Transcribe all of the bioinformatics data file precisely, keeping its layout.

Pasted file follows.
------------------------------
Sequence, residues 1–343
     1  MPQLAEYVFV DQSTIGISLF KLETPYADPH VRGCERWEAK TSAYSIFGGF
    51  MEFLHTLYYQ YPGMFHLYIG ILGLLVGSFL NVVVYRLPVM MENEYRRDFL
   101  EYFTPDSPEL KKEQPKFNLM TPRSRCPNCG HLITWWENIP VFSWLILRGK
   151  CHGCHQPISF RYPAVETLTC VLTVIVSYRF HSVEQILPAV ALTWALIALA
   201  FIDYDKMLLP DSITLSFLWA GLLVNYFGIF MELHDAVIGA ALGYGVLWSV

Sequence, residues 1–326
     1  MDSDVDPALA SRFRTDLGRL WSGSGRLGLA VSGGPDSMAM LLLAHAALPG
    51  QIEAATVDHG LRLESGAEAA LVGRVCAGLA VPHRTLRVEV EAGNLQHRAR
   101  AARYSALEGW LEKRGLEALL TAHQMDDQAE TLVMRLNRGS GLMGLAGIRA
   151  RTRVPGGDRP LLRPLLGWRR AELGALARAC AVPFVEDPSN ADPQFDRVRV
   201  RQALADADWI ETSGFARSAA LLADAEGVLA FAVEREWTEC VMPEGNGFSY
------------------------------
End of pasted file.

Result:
Sequence, residues 1–343
     1  MPQLAEYVFV DQSTIGISLF KLETPYADPH VRGCERWEAK TSAYSIFGGF
    51  MEFLHTLYYQ YPGMFHLYIG ILGLLVGSFL NVVVYRLPVM MENEYRRDFL
   101  EYFTPDSPEL KKEQPKFNLM TPRSRCPNCG HLITWWENIP VFSWLILRGK
   151  CHGCHQPISF RYPAVETLTC VLTVIVSYRF HSVEQILPAV ALTWALIALA
   201  FIDYDKMLLP DSITLSFLWA GLLVNYFGIF MELHDAVIGA ALGYGVLWSV

Sequence, residues 1–326
     1  MDSDVDPALA SRFRTDLGRL WSGSGRLGLA VSGGPDSMAM LLLAHAALPG
    51  QIEAATVDHG LRLESGAEAA LVGRVCAGLA VPHRTLRVEV EAGNLQHRAR
   101  AARYSALEGW LEKRGLEALL TAHQMDDQAE TLVMRLNRGS GLMGLAGIRA
   151  RTRVPGGDRP LLRPLLGWRR AELGALARAC AVPFVEDPSN ADPQFDRVRV
   201  RQALADADWI ETSGFARSAA LLADAEGVLA FAVEREWTEC VMPEGNGFSY